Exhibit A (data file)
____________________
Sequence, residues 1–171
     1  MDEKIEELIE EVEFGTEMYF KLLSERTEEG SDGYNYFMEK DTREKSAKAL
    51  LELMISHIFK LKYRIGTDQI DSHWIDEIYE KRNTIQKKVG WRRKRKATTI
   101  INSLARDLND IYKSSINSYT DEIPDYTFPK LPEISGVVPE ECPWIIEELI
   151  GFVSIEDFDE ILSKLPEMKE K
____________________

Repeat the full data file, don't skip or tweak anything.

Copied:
Sequence, residues 1–171
     1  MDEKIEELIE EVEFGTEMYF KLLSERTEEG SDGYNYFMEK DTREKSAKAL
    51  LELMISHIFK LKYRIGTDQI DSHWIDEIYE KRNTIQKKVG WRRKRKATTI
   101  INSLARDLND IYKSSINSYT DEIPDYTFPK LPEISGVVPE ECPWIIEELI
   151  GFVSIEDFDE ILSKLPEMKE K